I noticed that there are a few inconsistencies in what I was taught throughout my English education, and I hope to clarify them. I think the nature of the question is somewhere between "grammar" and "English pedagogy."
*I apologize ahead of time if this question is not appropriate on Writing stackexchange. I am new to the community. Please feel free to migrate the question to other communities, as appropriate.
**For context, I am a student in the natural sciences who had most of my education in the U.S., but am from a non-English speaking country.
Here are a few examples of such contradictions:
I.) In high school, I was taught not to write "run-on sentences," but in college, I was not discouraged from doing so. In fact, many authors I read seemed to write run-on sentences in a lot of places.
II.) In high school, I was told not to use passive voice in my writing. (The reason I was given was that it unnecessarily makes sentences longer.) Again, I was not discouraged from doing this in college.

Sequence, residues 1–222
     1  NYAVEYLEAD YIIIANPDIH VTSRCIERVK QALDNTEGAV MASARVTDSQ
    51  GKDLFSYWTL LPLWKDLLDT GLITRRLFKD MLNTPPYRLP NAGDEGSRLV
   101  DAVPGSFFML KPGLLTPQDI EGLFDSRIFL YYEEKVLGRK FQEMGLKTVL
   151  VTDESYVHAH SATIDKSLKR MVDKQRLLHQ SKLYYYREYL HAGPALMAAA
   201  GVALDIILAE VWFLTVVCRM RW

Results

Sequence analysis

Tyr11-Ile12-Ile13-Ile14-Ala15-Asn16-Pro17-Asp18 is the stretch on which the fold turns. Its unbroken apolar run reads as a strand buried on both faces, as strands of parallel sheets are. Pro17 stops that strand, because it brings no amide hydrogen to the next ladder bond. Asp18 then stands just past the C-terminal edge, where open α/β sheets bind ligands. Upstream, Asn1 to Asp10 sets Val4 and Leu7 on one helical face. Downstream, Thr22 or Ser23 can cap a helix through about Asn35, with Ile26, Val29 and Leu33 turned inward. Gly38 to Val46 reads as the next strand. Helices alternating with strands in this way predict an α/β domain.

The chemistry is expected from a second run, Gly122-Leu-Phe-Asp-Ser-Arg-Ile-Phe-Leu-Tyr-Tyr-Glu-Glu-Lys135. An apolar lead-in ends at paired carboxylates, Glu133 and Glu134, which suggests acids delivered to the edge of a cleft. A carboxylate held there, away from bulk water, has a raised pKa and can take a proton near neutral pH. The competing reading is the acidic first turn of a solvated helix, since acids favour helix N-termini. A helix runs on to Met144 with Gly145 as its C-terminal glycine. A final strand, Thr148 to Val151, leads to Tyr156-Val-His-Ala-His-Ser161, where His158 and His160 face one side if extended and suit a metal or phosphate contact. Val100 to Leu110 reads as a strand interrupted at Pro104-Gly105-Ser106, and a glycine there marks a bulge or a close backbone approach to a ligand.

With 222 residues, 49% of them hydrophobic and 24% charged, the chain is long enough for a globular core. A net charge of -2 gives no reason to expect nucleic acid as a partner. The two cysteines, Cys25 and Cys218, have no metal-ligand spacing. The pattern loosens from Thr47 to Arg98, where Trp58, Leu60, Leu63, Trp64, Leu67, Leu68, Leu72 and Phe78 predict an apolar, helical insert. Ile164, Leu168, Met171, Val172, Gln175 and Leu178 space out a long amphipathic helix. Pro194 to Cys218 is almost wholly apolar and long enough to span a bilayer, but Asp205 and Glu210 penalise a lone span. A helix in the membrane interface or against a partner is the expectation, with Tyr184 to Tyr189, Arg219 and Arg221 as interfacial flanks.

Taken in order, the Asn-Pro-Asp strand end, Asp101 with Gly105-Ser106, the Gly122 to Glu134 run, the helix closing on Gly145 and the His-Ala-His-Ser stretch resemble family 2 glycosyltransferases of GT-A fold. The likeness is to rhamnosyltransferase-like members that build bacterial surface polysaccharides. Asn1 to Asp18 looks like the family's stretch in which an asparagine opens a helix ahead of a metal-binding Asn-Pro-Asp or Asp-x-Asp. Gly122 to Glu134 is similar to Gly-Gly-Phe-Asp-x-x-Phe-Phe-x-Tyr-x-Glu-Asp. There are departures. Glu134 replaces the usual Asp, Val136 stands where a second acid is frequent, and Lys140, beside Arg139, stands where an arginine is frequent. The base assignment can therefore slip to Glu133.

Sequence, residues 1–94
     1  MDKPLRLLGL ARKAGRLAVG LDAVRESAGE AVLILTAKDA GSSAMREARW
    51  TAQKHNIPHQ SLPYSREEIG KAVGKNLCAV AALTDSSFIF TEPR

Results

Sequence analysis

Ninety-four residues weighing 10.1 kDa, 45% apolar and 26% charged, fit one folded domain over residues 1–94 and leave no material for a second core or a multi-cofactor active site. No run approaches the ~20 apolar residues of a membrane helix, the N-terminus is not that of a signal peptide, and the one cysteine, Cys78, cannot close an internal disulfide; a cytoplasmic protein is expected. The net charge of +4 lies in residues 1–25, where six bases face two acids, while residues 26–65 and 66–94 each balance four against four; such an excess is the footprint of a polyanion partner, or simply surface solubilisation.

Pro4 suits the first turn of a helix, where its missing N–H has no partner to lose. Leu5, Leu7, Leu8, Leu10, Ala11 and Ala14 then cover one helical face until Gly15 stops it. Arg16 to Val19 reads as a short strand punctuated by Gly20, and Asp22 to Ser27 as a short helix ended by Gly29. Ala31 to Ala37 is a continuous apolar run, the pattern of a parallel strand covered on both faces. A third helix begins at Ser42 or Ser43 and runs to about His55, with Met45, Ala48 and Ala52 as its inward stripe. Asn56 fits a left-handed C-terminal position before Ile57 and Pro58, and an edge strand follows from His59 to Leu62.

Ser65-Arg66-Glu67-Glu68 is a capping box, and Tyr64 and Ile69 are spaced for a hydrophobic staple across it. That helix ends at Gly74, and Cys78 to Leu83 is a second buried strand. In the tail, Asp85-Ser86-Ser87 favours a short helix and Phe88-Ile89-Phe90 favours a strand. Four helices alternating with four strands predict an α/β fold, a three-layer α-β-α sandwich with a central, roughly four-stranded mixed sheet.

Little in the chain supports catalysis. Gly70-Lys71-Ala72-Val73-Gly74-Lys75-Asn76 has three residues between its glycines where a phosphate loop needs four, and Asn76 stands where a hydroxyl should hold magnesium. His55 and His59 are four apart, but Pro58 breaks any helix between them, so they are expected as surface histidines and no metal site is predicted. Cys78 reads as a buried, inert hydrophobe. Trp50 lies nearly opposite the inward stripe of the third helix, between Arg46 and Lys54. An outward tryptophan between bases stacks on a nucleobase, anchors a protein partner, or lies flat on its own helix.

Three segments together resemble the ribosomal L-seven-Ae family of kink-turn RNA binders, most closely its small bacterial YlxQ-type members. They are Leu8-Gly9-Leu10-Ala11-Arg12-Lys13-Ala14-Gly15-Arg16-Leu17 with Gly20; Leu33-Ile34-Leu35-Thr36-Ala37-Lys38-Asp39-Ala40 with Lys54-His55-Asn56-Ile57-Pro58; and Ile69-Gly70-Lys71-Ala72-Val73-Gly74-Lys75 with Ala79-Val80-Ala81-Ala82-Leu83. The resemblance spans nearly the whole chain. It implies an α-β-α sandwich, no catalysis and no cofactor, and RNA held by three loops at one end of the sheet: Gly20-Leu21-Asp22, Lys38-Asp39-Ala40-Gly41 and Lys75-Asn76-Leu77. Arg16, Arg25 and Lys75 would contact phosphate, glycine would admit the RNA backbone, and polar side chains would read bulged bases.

A more extreme example:
III.) In elementary school, I was taught that an essay should consist of five paragraphs. (There were additional specifications on what these five paragraphs should look like.) This was obviously not what I was taught in high school and college.
I assume there are these "inconsistencies" because writing is a very hard thing to teach, and that it makes at the very beginning to teach them with a lot of rules and constraints (as in Example III). Then as the student matures, teachers teach students a more refined version of what is considered "good writing." Therefore, many of the rules from earlier are taken away.
Is there a general consensus (amongst, say English educators or academics) on how English should be taught? (In particular, if it is fine to use passive voice in one's writing or to have run on sentences?)